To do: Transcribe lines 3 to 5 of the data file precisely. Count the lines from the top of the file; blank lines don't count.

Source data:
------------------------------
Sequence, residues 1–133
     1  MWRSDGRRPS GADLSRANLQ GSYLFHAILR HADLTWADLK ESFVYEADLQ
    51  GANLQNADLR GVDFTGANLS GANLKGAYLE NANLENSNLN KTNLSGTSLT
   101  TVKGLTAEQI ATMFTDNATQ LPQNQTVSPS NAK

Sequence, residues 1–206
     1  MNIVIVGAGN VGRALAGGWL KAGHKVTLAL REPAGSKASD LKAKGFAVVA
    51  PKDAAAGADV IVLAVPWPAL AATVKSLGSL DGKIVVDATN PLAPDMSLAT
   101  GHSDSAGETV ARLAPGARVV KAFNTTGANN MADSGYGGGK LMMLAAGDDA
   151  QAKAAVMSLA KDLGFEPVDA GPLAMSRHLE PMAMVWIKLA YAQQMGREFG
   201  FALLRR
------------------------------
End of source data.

    51  GANLQNADLR GVDFTGANLS GANLKGAYLE NANLENSNLN KTNLSGTSLT
   101  TVKGLTAEQI ATMFTDNATQ LPQNQTVSPS NAK

Sequence, residues 1–206